Given East Timor’s experience as a victim of crimes against humanity, and the frustration of people here at the failures of Indonesia and the international community to hold the perpetrators accountable, we would expect no less. Although the ICC cannot try crimes committed before July 2002, its creation and East Timor’s participation will help deter and punish such crimes in the future.

The United States has been trying to destroy the International Criminal Court for many years. Throughout the negotiations leading to the Rome Statute, delegates made numerous concessions to the U.S., weakening the court’s power and its ability to pursue perpetrators. Although President Clinton reluctantly signed the treaty in December 2000 (just before he left office), President Bush revoked the signature last May, and has promised that the U.S. will do everything it can to prevent Americans from facing the court.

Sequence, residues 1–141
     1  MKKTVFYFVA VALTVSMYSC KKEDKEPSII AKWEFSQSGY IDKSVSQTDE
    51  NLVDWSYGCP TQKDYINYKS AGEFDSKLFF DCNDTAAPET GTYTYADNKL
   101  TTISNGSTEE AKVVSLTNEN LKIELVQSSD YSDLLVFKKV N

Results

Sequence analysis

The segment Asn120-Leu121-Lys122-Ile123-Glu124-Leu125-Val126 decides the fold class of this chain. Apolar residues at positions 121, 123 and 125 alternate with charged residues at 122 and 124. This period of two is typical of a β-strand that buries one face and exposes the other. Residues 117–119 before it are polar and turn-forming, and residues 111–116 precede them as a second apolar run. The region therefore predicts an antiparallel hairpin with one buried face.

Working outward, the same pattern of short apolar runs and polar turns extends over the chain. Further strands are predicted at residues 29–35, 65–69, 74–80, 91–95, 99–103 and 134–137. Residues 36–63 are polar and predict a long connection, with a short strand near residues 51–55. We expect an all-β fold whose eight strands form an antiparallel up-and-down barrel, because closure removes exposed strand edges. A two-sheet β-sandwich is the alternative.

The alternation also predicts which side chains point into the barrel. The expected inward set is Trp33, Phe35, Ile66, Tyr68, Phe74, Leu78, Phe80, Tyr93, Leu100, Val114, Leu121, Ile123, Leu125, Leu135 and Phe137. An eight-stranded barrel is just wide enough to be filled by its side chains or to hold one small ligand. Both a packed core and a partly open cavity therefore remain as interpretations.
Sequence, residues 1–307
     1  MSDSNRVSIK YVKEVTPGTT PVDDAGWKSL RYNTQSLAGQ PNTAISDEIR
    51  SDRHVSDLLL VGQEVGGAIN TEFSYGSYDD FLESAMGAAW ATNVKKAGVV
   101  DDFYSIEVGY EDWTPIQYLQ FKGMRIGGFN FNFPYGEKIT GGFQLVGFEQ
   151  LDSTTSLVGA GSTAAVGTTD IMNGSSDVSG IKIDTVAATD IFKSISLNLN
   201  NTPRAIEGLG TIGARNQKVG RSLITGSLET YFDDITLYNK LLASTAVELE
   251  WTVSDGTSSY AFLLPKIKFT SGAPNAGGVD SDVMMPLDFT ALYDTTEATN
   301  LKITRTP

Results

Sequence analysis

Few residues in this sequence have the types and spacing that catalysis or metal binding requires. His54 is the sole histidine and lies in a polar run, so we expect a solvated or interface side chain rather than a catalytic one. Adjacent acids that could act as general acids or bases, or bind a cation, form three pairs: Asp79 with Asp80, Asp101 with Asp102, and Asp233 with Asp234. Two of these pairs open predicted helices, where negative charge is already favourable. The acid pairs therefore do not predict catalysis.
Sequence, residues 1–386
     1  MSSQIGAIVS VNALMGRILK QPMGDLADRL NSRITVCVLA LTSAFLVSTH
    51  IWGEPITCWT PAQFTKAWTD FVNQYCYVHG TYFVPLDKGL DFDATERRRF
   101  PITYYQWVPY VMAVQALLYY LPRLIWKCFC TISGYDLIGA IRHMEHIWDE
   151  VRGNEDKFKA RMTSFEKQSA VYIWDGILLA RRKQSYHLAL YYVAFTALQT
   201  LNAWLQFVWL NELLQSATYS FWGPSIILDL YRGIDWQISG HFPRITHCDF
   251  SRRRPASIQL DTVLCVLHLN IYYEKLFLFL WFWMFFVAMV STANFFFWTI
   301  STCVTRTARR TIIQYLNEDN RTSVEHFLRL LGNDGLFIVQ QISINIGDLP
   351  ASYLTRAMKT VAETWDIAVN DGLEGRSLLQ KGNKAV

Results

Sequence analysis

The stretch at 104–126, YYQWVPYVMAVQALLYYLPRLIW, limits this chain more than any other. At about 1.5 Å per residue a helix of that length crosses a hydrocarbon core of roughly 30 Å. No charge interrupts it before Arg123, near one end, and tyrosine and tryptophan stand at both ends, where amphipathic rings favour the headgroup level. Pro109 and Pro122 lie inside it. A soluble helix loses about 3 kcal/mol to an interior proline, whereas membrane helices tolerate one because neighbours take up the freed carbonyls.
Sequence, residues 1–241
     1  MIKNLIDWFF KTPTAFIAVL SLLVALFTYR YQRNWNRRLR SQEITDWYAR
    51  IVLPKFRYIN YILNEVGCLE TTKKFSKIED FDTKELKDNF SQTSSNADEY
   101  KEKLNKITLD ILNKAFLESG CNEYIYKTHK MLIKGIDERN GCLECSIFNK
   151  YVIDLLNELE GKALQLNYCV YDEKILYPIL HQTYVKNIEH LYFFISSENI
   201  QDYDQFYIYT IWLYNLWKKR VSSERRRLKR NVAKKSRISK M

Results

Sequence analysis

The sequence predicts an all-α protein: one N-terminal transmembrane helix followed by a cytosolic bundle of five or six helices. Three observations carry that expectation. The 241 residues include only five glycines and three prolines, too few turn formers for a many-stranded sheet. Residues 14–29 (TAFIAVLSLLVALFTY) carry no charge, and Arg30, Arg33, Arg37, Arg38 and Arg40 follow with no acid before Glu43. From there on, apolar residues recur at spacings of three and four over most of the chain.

The first U.S. tactic was to thwart UN peacekeeping missions which included American soldiers. Last June, the U.S. vetoed continuation of the UN Peacekeeping Mission in Bosnia and withdrew its military observers (UNMOs) from East Timor. In July, the United Nations Security Council caved in and adopted Resolution 1422. This resolution bars the ICC from investigating or prosecuting any cases “involving current or former officials or personnel” from the United States and other countries which refuse to sign the Rome Statute for crimes “relating to a UN established or authorized operation.” It has a one-year duration, but is expected to be renewed. In adopting Resolution 1422, the Security Council violated the UN’s own Charter it invoked Chapter VII powers designed to counter specific “threats to international peace and security” when the ICC poses no such threat.